Then again, Jason Taylor is a young man who would look right at home as the young firecracker in "American Buffalo" but was never quite believable as a college professor up for tenure and trying to close a deal on a bigger house over the telephone. This is a play in which two people talk, but not really to each other, and never really listen. The professor is distracted, full of buzzwords and platitudes, sunk in his own rhetoric. His pupil merely wants to pass what she expected would be a gut course, and she hasn't understood a single word either of his lectures, or his responses to her pleas. The whole first act is a frustrating exercise in missed communications.
For the second act, though, the woman returns with a formal accusation of sexual harassment and backed by a vindictive cabal of militant feminists. Her line of triumph, late in the play, is an imperious demand: "Don't call your wife 'baby'!" The addle-headed prof has no idea what could have happened in act one to set her off, but discovers her unfounded accusations have ruined his entire career.
Rather than either act here, what I'd like to have seen most is a play David Mamet is apparently incapable of writing: the entre-act in which the stuttering featherhead is inveigled and empowered to roar back and confront her mentor loaded for bear. I don't think anyone can convey the impact of that unwritten second-act with nothing but subtext to work with. The professor's major sin is simply ignoring his student's humanity, and that's hard to get across in a play where neither character is listening at all.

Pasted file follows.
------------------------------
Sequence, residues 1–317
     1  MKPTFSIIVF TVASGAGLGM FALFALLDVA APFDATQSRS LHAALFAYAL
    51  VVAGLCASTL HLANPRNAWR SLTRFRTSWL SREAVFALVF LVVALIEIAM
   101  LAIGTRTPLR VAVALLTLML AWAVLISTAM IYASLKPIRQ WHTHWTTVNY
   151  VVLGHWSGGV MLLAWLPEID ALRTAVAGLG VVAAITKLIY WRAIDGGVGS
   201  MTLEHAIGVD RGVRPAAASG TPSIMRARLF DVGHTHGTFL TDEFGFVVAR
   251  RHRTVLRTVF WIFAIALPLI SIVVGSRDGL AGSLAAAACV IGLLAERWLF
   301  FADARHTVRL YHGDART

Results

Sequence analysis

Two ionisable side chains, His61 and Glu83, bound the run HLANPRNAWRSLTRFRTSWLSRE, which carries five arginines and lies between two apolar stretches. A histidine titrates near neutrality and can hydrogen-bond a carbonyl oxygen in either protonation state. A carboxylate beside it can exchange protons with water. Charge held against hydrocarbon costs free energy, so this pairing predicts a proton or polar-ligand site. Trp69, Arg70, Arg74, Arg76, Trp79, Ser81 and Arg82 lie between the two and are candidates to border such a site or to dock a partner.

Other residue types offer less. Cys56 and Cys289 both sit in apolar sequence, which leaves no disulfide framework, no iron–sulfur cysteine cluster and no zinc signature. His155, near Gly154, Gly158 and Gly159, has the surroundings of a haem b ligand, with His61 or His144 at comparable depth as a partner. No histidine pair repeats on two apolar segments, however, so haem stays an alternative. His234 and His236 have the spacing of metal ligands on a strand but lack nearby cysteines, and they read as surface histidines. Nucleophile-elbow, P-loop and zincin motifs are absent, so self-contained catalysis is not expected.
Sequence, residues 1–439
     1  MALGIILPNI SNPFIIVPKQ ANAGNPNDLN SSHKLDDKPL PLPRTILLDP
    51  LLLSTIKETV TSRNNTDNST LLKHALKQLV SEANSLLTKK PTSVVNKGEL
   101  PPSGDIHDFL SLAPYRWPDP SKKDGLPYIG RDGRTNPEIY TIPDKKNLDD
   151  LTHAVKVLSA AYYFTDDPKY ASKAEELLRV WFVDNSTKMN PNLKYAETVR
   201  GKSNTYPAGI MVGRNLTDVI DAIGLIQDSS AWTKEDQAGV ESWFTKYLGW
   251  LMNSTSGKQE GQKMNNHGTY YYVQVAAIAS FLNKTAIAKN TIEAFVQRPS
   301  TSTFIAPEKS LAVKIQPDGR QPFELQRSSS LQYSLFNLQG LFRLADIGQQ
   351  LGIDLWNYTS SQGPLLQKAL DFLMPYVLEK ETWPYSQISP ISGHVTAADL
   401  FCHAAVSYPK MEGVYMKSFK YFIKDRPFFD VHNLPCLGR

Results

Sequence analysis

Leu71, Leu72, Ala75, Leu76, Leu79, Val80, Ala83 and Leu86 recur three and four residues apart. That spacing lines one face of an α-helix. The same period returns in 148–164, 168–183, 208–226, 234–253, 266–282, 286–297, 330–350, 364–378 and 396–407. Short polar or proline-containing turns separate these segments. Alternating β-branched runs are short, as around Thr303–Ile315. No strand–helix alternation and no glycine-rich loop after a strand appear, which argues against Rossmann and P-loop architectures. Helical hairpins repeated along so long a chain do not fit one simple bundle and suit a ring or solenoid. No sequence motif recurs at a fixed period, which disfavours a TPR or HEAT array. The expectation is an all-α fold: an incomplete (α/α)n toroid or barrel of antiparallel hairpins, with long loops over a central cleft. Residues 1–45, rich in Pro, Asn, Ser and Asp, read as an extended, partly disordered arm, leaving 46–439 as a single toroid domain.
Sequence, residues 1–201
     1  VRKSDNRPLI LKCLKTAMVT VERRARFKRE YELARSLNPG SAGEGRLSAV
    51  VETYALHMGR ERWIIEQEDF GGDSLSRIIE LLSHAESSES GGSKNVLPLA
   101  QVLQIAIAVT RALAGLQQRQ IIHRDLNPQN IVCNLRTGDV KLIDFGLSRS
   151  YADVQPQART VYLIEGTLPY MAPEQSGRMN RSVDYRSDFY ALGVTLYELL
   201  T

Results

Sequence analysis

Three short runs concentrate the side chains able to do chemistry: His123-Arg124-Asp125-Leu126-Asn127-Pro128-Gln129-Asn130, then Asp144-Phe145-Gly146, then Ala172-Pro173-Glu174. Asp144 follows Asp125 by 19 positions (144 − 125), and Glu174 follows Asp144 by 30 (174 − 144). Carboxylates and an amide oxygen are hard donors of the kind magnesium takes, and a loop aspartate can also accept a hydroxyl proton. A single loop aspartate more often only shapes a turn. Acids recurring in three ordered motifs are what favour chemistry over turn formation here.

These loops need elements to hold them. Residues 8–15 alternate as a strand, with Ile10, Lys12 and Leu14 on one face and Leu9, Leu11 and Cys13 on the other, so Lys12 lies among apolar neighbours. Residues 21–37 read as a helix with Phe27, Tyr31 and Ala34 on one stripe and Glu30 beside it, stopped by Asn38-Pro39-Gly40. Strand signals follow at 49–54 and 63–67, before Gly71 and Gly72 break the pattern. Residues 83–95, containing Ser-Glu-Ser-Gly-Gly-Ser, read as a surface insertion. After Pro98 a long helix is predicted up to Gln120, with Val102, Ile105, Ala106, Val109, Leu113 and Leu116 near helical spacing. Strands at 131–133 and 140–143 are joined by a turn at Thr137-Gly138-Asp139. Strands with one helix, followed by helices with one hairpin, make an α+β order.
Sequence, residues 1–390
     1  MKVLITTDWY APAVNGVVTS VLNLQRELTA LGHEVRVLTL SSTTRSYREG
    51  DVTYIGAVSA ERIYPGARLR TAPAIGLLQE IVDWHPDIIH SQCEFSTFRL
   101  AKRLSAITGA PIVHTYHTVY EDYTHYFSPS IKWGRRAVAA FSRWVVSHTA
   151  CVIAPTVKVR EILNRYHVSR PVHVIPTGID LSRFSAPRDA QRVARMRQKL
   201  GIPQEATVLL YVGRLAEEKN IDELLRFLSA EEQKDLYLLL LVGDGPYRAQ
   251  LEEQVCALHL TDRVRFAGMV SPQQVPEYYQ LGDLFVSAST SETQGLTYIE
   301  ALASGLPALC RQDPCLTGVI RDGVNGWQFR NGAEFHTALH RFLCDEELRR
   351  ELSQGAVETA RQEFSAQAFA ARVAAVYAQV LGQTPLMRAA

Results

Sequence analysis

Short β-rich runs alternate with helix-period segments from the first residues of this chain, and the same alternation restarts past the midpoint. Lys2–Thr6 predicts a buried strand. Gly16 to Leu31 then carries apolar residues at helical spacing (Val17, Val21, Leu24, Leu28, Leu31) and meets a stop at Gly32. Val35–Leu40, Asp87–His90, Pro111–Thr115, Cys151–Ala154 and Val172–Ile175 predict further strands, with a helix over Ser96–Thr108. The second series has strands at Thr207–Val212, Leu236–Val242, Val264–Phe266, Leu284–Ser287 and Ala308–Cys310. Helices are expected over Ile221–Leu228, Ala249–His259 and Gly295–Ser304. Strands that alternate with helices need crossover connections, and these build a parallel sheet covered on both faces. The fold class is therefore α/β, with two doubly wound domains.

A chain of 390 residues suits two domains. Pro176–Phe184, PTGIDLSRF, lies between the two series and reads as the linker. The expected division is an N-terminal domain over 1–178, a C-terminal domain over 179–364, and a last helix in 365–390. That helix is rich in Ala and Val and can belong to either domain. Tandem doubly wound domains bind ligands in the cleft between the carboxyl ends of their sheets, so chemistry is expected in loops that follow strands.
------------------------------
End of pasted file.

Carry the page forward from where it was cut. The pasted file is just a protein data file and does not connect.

I do think the play might be done in such a way that the student's state of mind and the reactions she has to her pompous mentor's condescending indifference would be believable. Trouble is, Mamet's script makes the cast and the director do all the work he's ignored. And I really do wish he'd write that second act!
10 March: HEY, THERE'S FREE FOOD IN THE CONFERENCE ROOM, by A.C.E. Theatricals @ The Improv Asylum
This series of short business-world comedy skits, created and performed by half a dozen actors mining their day-jobs for material, is designed as a shock-of-recognition exercise best done as comic relief for business-oriented retreats. In a theatrical rather than a business milieu, they seemed as cute but as thin as those little slice-of-life jokes on single subjects that filled a few pages of every issue of MAD Magazine. There wasn't anything wrong with anything these people did, but there wasn't really anything astonishing either. I missed a skewer through their shishkebab --- perhaps clearer identity for the recurring stock-characters in these stock situations, so that the fabric of the whole could be better knitted into a whole. Everything, to my eyes, had an "almost" quality that never went past each punch-line.
But I liked the food.
And that, so far, is the roster of Lost plays so far this year.